However, this did not happen in Brazil. Our infrastructure on public heath posts is poor and pap smear screening based program is mostly non-existent, or of low quality. Even when it is properly done, it is often available only in urban settings or from the private sector which serves a relatively small proportion of the female population and more often, there is no subsequent curative treatment of pre-invasive lesions.
Recently a bibliographic review has been done (4) to assess the effectiveness of cytology Pap smear as a screening test to early detection of Low and High Grade Squamous Intraepithelial Lesions (LHSIL and HGSIL) and cervical cancer, as well. It has been recognized that cytology as a screening test has never been properly tested . The eight randomized trials which have been done during the last ten years and were included on said paper, were not evaluating cytology test exclusively but, comparing its results with other screening tests (HPV-DNA and cervicography), using different slide preparation techniques , different devices to collect the smears and several target groups of women that may have brought confounding variables due to different hazardous conditions influencing sensitivity and specificity rates. Anyway, the overall sensitivity rates for cytology test on those studies could hardly reach a medium rate of 60.0%. It means that a large number of women who have had a negative test is outreached for treatment, as there is a consensus among patients and also among some clinicians that pap tests are infallible. It really has a considerable high specificity, (running from 82.0% to 99.7%, according to the already mentioned bibliographic review) that may give a good assurance that the tests which found to be positive, come from women who have the disease. It also must be said that those rates are addressing to HGSIL, including microcarcinoma. Lower results in cytology test are met when the cut-off point is for LGSIL (when really prevention takes place) and when cervical cancer is frankly invasive, as well.
On the other hand, screening for precancerous lesion without providing adequate treatment or poor follow up of patients due to large distances between rural population and the urban health settings or a nonexistent referral system at all, explains the inefficiency in decreasing the disease incidence and mortality rate of most developing world countries, and Brazil is no exception.
Alternative technologies for cervical cancer screening must be encouraged, proper clinical follow-up of women with abnormal findings should take place, and cervical lesions that require treatment should be excised or destroyed.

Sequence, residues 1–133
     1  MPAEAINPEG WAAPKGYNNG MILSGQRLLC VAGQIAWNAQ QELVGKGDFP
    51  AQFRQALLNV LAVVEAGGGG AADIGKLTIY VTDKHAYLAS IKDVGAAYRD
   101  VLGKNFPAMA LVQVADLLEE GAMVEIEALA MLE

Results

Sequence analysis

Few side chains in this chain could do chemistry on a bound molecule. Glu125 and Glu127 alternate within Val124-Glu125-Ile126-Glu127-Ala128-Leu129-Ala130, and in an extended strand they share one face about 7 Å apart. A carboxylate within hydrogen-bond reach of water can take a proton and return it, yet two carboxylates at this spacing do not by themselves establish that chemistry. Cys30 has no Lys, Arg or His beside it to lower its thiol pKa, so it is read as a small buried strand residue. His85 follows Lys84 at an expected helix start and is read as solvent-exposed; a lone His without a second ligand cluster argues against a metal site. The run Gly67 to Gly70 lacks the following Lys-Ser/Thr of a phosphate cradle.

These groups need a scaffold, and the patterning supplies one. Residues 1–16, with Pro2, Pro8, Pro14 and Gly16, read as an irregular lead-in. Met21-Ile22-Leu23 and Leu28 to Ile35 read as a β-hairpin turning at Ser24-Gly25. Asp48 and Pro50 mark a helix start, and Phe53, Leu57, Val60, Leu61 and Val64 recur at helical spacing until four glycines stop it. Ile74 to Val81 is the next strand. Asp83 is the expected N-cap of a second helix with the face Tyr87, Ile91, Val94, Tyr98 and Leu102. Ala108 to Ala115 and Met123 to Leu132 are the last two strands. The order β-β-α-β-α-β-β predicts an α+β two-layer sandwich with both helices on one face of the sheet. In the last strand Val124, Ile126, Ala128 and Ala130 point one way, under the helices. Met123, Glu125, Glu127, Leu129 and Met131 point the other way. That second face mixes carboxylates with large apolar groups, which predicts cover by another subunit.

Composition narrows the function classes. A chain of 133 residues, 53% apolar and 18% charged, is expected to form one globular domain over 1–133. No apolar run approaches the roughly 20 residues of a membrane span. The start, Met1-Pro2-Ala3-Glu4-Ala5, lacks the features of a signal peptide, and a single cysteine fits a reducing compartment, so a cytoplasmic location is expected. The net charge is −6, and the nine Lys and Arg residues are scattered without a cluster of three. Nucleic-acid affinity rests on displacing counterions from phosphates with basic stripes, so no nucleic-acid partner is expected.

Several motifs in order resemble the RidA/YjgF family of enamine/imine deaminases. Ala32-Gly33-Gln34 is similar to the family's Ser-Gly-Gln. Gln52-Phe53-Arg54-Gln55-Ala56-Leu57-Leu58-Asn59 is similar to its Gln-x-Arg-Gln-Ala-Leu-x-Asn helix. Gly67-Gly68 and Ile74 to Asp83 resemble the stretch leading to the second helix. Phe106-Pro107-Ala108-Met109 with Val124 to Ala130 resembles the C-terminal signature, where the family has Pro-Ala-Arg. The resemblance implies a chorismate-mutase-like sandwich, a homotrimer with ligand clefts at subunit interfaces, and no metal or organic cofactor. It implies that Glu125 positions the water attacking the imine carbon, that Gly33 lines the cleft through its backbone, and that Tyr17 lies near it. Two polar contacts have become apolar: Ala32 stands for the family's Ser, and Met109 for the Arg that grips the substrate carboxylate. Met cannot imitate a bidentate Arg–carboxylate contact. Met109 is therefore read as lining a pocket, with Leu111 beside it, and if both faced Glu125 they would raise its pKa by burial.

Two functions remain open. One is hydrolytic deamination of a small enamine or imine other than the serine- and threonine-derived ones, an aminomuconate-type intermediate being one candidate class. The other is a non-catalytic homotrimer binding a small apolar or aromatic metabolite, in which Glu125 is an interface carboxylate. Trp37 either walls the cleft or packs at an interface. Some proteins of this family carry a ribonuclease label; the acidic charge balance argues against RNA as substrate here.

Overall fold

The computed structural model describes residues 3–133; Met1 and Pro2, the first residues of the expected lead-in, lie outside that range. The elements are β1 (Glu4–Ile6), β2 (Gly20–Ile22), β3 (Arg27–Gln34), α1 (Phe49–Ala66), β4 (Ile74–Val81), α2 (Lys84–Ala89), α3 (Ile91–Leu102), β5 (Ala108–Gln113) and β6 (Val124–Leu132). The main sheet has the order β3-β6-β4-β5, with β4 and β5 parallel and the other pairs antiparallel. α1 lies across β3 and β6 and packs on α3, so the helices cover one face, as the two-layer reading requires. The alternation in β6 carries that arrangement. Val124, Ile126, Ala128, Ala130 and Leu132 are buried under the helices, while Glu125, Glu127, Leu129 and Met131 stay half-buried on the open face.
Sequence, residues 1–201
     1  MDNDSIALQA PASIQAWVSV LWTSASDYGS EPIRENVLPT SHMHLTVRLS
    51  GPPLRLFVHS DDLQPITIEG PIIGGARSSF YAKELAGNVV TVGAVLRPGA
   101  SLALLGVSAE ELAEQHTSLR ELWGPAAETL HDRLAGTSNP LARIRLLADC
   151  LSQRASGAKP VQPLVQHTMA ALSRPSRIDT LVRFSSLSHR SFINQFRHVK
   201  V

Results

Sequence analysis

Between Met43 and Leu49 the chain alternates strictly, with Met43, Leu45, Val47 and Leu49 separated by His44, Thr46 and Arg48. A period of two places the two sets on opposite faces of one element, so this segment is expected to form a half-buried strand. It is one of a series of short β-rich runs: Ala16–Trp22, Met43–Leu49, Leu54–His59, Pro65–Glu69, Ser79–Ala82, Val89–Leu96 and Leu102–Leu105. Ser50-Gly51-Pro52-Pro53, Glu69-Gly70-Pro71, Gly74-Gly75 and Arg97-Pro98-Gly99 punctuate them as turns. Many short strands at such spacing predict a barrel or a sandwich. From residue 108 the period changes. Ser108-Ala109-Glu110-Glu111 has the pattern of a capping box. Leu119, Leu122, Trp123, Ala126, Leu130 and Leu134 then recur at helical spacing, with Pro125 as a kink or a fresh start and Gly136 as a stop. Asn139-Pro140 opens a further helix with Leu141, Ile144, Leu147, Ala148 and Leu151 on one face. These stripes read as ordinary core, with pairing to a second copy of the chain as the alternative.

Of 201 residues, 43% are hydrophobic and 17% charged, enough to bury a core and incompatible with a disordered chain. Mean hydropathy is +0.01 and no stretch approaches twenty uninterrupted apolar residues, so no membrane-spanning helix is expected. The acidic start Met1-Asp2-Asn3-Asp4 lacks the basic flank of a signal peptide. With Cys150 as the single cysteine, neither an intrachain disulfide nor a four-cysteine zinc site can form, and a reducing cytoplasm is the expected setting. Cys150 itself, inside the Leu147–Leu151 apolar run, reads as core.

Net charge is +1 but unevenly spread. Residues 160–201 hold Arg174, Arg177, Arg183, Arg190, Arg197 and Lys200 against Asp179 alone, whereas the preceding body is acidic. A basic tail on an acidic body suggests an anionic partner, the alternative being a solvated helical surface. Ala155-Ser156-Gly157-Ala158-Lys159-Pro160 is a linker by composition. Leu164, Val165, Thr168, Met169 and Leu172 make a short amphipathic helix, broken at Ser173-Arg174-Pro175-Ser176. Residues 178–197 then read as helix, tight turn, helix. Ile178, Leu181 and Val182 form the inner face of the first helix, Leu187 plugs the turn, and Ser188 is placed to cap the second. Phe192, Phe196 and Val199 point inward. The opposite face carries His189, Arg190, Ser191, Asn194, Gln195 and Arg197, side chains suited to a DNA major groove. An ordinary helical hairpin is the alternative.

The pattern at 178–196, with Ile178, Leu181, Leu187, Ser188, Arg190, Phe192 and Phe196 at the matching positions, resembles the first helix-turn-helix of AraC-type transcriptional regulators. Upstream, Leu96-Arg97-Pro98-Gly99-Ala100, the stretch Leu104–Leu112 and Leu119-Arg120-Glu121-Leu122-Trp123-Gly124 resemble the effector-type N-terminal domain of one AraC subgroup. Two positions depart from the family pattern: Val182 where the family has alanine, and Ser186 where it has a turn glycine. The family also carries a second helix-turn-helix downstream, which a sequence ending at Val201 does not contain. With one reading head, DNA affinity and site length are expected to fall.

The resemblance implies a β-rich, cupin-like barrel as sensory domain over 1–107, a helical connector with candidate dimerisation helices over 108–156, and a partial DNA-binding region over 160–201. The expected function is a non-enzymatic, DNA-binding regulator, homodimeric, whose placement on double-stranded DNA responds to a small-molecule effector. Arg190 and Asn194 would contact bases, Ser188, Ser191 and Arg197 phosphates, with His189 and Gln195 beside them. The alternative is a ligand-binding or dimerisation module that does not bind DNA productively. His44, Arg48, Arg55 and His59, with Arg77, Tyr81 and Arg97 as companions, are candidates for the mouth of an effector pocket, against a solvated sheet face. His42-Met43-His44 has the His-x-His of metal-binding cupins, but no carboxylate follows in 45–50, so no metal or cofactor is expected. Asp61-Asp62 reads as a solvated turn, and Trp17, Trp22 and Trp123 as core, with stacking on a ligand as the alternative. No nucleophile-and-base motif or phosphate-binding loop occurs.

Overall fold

Oncogenic HPV TYPES (16, 18, 31, 33, 35) are now incriminated as a cause of squamous intraepithelial lesions that may progress to cervical cancers (14-17). Viral testing would appear to hold considerable promise in assessing women with LGSIL to screen for high risk in developing Cervical Cancer. However, to date, the clinical value of testing for the simple presence of HPV-DNA has been clouded by the fact that in 10% to 25% of apparently healthy women, these agents are exfoliated in morphologically normal cells (7-15).
Recognizing this, attention has recently focused on alternative means of providing cervical cancer screening (3-9-11-18) and treatment of early intraepithelial neoplasia (8-13-16). Perhaps the most promising among these methods is visual inspection with acetic acid (AAT). Published experiences with the acid test screening method (washing the cervix with 4-5% acetic acid solution and then visually inspection of the cervix for evidence of disease with the naked eye) show its advantages over traditional screening techniques in low-resource settings. This include immediate feedback to the patient regarding her test results and, importantly, the potential to provide treatment immediately after the test (6-12).
Considering the encouraging results of the studies which have already been mentioned, we propose this preventive cervical cancer demonstration project, to address the need of lowering of the incidence of the disease and diminishing the most advanced stages which lead to the death of thousands of women in developing countries, chiefly in the most poor rural regions like that of Northeast Brazil.
Protocol of the proposed Demonstration Study
To evaluate applicability of unaided visual inspection of Cervix with Acetic Acid Test (AAT) to enhance the existing cytological based screening program in resource constraint settings.
This is a population-based randomized clinical trial. The investigation will be conducted in two phases: a diagnostic and a treatment approach.
Recruitment and screening